THANK YOU FOR YOUR SERVICE: ACKNOWLEDGING OUR INADEQUATE TREATMENT OF JURORS IN CALIFORNIA’S DEATH PENALTY DEBATE
By Elizabeth N. Jones and Sydney L. McGregor*
The death penalty in California faces an uncertain future. While this essay does not ask readers to adopt a position contrary to their own personal beliefs, it does propose that consideration be given to an integral and often overlooked group within the capital punishment process: the jurors.
California’s death penalty is currently mired in an existential dichotomy of the state’s own making. On one hand, its voters support and continually affirm the use of capital punishment. A 2016 ballot proposition seeking to abolish the death penalty was defeated; voters actually approved an initiative during that same election cycle to speed up the process.1 California’s immense size and diverse demographics certainly challenge the state to put forth a truly unified front, but its voters engaged in a democratic approval of its criminal justice policies.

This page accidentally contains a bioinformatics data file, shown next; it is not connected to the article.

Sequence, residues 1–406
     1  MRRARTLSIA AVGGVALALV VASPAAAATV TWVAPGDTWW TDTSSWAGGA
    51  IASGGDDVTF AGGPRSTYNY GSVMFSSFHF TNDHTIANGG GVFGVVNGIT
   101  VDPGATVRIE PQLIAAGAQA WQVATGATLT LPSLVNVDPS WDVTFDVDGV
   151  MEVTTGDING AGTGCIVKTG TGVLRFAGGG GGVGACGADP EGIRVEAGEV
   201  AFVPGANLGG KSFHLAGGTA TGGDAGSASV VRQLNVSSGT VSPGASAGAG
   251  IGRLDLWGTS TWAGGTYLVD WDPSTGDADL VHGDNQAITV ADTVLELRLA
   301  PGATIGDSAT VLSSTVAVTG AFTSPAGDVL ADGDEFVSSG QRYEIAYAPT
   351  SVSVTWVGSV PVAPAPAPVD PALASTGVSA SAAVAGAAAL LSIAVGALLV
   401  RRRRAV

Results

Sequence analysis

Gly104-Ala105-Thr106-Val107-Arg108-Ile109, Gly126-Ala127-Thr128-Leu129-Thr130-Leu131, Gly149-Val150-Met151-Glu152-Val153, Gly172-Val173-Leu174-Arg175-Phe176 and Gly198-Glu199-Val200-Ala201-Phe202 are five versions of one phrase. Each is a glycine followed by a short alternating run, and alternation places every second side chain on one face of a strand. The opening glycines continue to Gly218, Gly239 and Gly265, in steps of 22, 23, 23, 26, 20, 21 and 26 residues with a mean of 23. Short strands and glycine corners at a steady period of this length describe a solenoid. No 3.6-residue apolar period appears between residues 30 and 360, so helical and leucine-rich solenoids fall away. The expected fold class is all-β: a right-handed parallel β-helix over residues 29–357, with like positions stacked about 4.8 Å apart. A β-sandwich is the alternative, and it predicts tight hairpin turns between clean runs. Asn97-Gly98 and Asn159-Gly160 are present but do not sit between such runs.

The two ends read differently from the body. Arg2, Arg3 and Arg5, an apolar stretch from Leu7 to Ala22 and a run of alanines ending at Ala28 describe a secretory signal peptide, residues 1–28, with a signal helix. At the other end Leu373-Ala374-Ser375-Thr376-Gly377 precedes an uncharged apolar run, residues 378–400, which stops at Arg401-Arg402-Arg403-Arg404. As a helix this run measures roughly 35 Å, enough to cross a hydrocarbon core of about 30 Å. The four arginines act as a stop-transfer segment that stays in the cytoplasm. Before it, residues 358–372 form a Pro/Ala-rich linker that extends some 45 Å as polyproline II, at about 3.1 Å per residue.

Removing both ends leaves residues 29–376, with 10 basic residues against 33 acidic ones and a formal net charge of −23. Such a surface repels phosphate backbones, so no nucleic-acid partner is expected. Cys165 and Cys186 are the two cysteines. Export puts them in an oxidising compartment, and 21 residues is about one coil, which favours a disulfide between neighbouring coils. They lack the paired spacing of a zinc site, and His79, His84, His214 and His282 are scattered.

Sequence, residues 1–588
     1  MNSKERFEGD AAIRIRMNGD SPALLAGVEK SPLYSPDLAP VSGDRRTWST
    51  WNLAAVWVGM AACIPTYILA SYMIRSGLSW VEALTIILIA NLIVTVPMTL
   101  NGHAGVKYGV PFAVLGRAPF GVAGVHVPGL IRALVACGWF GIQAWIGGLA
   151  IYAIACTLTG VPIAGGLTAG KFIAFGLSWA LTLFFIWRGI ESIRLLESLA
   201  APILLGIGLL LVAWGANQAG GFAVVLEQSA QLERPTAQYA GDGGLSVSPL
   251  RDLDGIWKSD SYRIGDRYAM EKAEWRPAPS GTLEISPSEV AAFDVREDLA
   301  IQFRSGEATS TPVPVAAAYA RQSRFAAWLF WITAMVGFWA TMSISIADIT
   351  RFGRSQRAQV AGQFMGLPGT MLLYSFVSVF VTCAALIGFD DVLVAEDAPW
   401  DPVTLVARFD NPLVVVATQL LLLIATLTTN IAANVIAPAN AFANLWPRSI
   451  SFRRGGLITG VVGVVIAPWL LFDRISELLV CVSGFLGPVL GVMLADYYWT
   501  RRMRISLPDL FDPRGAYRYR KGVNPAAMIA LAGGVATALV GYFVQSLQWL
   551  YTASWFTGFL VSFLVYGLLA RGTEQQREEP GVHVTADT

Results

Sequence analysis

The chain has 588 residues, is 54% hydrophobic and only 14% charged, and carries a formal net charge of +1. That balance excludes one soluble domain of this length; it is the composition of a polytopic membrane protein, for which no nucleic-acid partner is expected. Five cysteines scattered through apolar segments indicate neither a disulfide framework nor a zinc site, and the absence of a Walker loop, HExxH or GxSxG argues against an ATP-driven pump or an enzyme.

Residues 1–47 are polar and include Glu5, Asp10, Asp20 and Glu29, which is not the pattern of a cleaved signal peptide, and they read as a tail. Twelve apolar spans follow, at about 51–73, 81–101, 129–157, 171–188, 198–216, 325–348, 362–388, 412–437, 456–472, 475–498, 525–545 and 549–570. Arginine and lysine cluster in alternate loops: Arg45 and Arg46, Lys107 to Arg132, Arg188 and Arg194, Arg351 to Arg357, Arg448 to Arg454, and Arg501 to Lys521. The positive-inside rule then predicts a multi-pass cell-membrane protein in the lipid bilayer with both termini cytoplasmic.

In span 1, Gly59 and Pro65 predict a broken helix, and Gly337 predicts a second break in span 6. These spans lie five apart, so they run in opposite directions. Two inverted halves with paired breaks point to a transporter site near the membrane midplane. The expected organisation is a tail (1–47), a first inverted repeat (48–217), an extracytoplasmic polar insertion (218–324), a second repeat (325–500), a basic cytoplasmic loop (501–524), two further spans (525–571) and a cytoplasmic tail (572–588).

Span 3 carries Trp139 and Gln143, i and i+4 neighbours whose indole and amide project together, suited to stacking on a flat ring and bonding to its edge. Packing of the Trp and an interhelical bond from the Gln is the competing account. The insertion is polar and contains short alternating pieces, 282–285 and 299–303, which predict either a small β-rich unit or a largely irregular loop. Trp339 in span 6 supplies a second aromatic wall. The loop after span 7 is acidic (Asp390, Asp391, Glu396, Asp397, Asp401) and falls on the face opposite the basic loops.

On the other hand, on March 13, 2019, Governor Gavin Newsom issued an executive order suspending capital punishment in California.2 This unilateral action grants temporary reprieves to all of the inmates on death rowâ over 700 at last countâand effectively closes San Quentin State Prison’s execution chamber.3